For years, industry shills have touted nuclear energy as the solution to global climate change. In reality, the impacts of climate change have been highly unpredictable, and have created very real concerns about the security and reliability of nuclear power.
Here in Connecticut, the federal Nuclear Regulatory Commission (NRC) recently ordered the shutdown of one of two nuclear reactors at the Millstone power station in Waterford. The order came after water temperatures in Long Island Sound were found to be higher than Millstone’s permit allows. This marks the first time that facility has had to cut production due to high water temperatures in its 37 years of operation. Data collected by environmental scientists at Millstone show that average temperatures of the water used in Millstone’s open-loop cooling system have risen by as much as .67 degrees per decade since the plant opened in 1976.
This should be perceived as a wakeup call to the people of Connecticut. Each year, climate change creates new challenges that people must adapt to, from changes in how we manage food and water resources, where we build our homes, and of course, how we produce energy. The long term impacts that climate change will have on our state may not be known for decades, but we do know that the rising water temperatures that forced Millstone nuclear to shut down its reactor are the same increased temperatures that are creating stronger, more frequent extreme weather patterns that we have seen in recent years (i.e. Tropical Storm Irene and the freak snow storm that hit CT in late October of last year that left a combined 1.6 million CT residents without power, some for as long as a week after the storms hit).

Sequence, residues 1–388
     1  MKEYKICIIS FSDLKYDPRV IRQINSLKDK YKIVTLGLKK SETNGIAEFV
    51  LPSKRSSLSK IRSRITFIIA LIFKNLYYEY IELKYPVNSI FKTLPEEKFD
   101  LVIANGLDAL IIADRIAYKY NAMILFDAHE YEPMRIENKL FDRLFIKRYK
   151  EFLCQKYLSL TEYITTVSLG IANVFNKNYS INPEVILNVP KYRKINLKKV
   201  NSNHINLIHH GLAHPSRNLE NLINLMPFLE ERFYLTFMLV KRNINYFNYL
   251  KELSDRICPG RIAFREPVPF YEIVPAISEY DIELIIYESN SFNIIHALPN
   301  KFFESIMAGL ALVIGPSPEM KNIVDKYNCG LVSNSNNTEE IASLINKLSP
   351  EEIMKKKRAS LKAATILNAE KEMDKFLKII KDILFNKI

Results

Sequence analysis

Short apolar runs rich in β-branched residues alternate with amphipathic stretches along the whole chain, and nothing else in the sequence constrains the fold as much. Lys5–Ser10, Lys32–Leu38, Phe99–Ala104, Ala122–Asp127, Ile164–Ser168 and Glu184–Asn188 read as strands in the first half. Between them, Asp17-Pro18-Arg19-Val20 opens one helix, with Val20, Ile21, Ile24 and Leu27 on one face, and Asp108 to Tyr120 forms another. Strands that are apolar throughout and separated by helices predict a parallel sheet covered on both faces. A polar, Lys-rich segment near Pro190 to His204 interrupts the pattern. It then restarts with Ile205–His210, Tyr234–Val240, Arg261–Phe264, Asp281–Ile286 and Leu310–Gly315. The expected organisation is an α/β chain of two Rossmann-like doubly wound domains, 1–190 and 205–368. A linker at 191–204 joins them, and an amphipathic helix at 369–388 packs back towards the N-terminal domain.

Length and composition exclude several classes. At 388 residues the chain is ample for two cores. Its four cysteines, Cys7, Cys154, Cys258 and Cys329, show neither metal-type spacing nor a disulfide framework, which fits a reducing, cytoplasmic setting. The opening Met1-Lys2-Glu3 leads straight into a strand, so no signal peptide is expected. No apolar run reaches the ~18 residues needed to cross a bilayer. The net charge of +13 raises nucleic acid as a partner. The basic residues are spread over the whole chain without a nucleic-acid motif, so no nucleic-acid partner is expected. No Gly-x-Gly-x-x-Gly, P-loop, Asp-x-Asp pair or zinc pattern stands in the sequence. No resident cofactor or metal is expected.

The implications that these kinds of extreme weather events can have on the future of Connecticut’s energy infrastructure are staggering. Connecticut is heavily reliant on Millstone for its energy; about 48% of the electricity the state uses comes from nuclear power. The remainder is comprised mostly of natural gas, coal and oil, with only about 6 or 7% coming from renewable energy resources like wind and solar.
This leaves Connecticut vulnerable to energy shortages and other hazards associated with natural disasters. The risk is magnified by the fact that there are so many people living in close proximity to the power station; recent estimates show that 20 million people live within 50 miles of Long Island Sound. One “hundred year storm” could knock out power at Millstone and potentially jeopardize millions of people for miles in every direction. Furthermore, Long Island Sound generates over $8.5 billion in revenue for the local economy every year through commercial fishing and tourism, making it a vital natural resource our region can’t afford to lose.
Nuclear energy is not the solution to global climate change, and certainly not for the state of Connecticut. We need local investments in clean, safe, renewable energy like wind and solar in order to address climate change on a global level. The move towards clean energy will take a coordinated effort coming from citizens, states and policymakers at every level of government to get our nation off of its addiction to dirty nuclear energy. Now is the time to pick up your phone or write your congressperson, and tell them to fight to end federal subsidies for nuclear power. Now more than ever, we need clean, homegrown energy that won’t compromise our environment or leave future generations to deal with the poor choices we make today.